Following the landmark decision to allow Cadbury to register
five shades of purple as trade marks for its chocolate packaging
after a ten year dispute with Darrell Lea, brand owners are rushing
to secure their colour trade mark registrations. Wedgewood Limited
owns blue for ceramics and porcelain, Telstra has trade marked its
yellow phonebooks, Australian Postal Corporation owns yellow for
mail delivery services and Kraft Foods Limited owns silver for
Mars Australia Pty Ltd (Mars) recently won a
battle in the Federal Court against Societe de Produits Nestle SA
(Nestle) to secure trade mark protection for its
customised shade of purple (known as the Whiskas Purple) for its
cat food packaging.
Nestle successfully opposed the application in the Trade Marks
Office, however, Mars appealed the decision of the Delegate of
Registrar of Trade Marks to the Federal Court of Australia and was
successful after Nestle dropped its opposition in the final stages
of the Appeal. It's believed that Nestle struck a deal with
Mars to allow them to continue to use purple on their Purina brand
Mars, the owner of the popular cat food Whiskas had used its
Whiskas Purple colour on its cat food packaging and marketing
materials since 2000.
In November 2002, Mars applied for trade mark protection for its
Whiskas Purple. The application was accepted for registration,
however, Nestle opposed the application.
The Delegate of the Registrar of Trade Marks hearing the
opposition found that the Whiskas Purple mark did not distinguish
Mars' goods from the goods of other traders. Mars appealed
the decision to the Federal Court.
Justice Bennet considered whether the Whiskas Purple was capable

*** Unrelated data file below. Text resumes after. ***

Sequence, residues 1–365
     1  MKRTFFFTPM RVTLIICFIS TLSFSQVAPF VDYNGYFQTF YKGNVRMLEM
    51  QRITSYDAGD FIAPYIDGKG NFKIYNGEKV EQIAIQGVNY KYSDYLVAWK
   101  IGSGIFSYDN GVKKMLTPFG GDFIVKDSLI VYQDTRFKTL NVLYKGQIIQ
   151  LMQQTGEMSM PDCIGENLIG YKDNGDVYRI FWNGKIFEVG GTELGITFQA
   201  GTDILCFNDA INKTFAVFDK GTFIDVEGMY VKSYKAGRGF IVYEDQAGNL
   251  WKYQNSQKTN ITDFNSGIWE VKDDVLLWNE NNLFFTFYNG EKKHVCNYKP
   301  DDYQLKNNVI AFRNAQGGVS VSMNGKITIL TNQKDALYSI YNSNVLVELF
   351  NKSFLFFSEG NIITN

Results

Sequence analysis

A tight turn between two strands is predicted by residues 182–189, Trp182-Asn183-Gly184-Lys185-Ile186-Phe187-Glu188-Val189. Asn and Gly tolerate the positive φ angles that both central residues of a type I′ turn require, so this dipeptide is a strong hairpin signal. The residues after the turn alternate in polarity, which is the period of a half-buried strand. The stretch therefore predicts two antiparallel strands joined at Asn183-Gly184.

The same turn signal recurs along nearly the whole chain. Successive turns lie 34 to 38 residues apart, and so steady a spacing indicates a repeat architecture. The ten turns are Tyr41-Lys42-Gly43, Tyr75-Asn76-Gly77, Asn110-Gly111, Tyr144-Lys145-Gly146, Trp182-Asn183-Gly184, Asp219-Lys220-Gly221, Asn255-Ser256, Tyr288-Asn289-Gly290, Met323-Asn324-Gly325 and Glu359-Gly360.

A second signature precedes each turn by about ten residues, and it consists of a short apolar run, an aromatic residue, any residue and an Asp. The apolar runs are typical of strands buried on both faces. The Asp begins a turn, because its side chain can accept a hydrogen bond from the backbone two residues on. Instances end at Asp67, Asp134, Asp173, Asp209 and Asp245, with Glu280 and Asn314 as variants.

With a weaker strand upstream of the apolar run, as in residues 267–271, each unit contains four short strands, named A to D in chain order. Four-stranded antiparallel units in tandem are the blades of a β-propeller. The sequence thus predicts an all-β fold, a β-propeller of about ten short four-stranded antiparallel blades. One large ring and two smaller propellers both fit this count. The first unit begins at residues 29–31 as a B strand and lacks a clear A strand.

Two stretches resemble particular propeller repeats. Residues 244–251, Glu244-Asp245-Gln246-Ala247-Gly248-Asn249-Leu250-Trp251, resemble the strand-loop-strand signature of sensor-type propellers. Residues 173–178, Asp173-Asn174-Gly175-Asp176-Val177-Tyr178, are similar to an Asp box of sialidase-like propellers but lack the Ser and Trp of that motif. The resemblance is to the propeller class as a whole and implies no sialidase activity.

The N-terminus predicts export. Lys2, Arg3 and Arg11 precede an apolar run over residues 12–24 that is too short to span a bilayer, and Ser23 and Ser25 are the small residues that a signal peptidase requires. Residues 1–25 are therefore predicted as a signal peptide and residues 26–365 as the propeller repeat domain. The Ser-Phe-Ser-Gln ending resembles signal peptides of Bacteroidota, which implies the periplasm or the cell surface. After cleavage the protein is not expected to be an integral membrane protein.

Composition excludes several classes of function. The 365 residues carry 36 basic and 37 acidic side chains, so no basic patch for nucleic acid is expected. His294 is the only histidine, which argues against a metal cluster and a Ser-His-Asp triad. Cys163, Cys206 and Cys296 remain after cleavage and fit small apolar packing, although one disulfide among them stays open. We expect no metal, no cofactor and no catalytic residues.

of distinguishing Whiskas products.
Justice Bennet observed that Mars "adopted an entirely
new colour as a trade mark and promoted it heavily from the outset
with... the clear intention of giving the colour a trade mark
Justice Bennet found that Whiskas Purple did function as a badge
of origin by which consumers identified Mars' goods in
contrast to the goods of other traders.
What does this decision mean for brand owners?
Brand owners should register their colour and other
non-traditional marks given the important role that they can play
in a company's overall branding strategy. However, it
should be noted that registration for a single colour will not be
It is very important to develop a good branding strategy from
the outset to ensure that the trade mark is promoted and used
extensively. A trade mark attorney should also be involved to
ensure that the distinctiveness of the trade mark colour can be
As a licensor or a licensee, here are some tips you should consider when negotiating your next licence agreement.
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